Sunday 9:00 am, 12:00 pm
(12:00 Sunday Masses on the 1st, 3rd, and 5th Sundays of the month are the Extraordinary form Latin; 2nd and 4th Sundays are the Ordinary Form in Latin.)
Weekdays 8:00 am & Thursday evenings at 5:30 pm
Wednesdays at 8:00 am Extraordinary form
Saturdays 8:00 am
Wednesdays 6:45-7:30 pm
Fridays 8:30-9:00 am
Saturdays 3:30-4:45 pm
Posted in Fr. Joel Hastings on 06/18/18
What is the meaning behind the ringing of the bells during Mass, and why ... Read More »
Posted in Fr. Joel Hastings on 06/11/18
Why do some parishes only allow boys to be altar servers?
Let ... Read More »
Posted in Fr. Joel Hastings on 06/04/18
If through the Sacrament of Penance we are absolved from sin, why the Final Judgement?
Earlier this year (in February, to be precise), I answered a similar question about judgement, acknowledging that each of us in the moment of death is judged as either worthy of heaven or is consigned to hell in what we call the “particular judgement,” and how at the end of time there will be the “general judgement” when all is revealed as a means of exalting in Jesus’ victory over the powers of death. Such moments of judgement are required by justice, insofar as God Himself is just and all that is (both good and evil) must come to its proper fulfillment or end in Him. While it may appear that such judgement should not be necessary if we already have been absolved from sin – (assuming that the person who asks the question believes that once we are forgiven and our sins are forever taken away, it seems both unnecessary and even improper to be judged), might we consider the following: that all our actions (again, no matter if they are good or sinful) have consequences that affect others beyond ourselves. Thus, even if we are forgiven of our sins, justice requires that we are judged according to both the interior effects of both our good works and of our sins, as well as their effects upon all – for good or for ill. For all things will be revealed in Christ’s glorious second coming, insofar as the exaltation of His victory will be made manifest through both the good that was done and that which was left undone – as Jesus’ victory transcends all. Remember too that judgement is not intended by God as a negative experience – and this is clear in a few of Jesus’ parables, especially that one which refers to diligent and faithful service of His disciples ending with the words “Well done, good and faithful servant….come, enter your master’s joy” (See Matthew ... Read More »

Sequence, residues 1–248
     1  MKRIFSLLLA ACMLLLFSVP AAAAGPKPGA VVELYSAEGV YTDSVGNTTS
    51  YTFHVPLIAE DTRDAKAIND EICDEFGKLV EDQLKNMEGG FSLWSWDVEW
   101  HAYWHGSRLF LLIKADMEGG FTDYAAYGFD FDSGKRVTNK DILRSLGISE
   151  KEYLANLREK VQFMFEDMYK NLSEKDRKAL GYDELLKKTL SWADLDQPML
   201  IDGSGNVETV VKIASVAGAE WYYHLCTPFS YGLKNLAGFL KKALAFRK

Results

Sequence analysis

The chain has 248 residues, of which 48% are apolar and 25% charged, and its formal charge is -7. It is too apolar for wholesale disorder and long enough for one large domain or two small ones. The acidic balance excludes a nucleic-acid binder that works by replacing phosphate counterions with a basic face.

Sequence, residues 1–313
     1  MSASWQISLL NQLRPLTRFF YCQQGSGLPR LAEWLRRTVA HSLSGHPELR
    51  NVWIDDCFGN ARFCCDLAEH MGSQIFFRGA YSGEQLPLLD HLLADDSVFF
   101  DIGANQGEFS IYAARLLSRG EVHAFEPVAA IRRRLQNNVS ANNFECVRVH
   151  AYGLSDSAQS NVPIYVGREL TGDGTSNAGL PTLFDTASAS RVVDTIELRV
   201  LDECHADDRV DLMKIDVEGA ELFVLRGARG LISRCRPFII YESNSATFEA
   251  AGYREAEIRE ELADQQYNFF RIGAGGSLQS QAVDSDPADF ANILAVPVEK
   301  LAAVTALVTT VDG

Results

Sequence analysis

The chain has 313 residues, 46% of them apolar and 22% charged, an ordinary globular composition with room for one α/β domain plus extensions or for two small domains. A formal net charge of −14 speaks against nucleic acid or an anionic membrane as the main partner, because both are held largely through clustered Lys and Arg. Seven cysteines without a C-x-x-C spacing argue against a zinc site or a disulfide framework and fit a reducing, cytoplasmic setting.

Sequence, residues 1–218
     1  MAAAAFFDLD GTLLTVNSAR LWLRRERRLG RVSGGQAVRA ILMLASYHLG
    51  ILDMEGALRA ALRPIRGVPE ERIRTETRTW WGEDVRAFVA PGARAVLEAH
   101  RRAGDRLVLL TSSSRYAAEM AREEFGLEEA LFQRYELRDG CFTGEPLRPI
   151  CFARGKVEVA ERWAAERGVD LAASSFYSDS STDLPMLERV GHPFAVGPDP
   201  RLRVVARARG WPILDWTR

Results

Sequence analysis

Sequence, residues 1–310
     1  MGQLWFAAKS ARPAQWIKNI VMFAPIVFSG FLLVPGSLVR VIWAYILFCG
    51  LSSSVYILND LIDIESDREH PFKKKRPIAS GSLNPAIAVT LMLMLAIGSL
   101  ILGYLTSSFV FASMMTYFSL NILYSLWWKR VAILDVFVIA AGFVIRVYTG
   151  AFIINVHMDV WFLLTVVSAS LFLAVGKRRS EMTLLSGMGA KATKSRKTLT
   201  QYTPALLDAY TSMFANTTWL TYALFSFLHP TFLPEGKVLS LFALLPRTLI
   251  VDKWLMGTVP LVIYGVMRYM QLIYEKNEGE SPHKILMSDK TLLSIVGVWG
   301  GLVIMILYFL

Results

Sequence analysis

St. Ben's Podcasts
Diocese of Duluth News
06/01/18 3:19 am
Bishop Paul D. Sirba has announced the following clergy assignments, effective Wednesday, July 11.
Father James Bissonette, pastor of St. James, Duluth, to pastor of St. Raphael, Duluth, and St. Rose, Proctor.Read More
06/01/18 3:12 am
Christ Jesus offered himself for us. From his wounded side flowed blood and water, the fountain of life for his people.
This June, not only are the clergy moves announced in the Northern Cross, but the Holy Father has designated June 8, the Solemnity of the Most Sacred Heart of Jesus, as the day of sanctification of the clergy.Read More
05/07/18 6:37 am
Father Ryan Moravitz announced at Holy Family Church in Duluth this weekend that the Handmaids of the Heart of Jesus are coming to the Diocese of Duluth and will be taking up residence at the former Holy Family rectory.
The Handmaids come with the blessing and invitation of Duluth Bishop Paul Sirba.Read More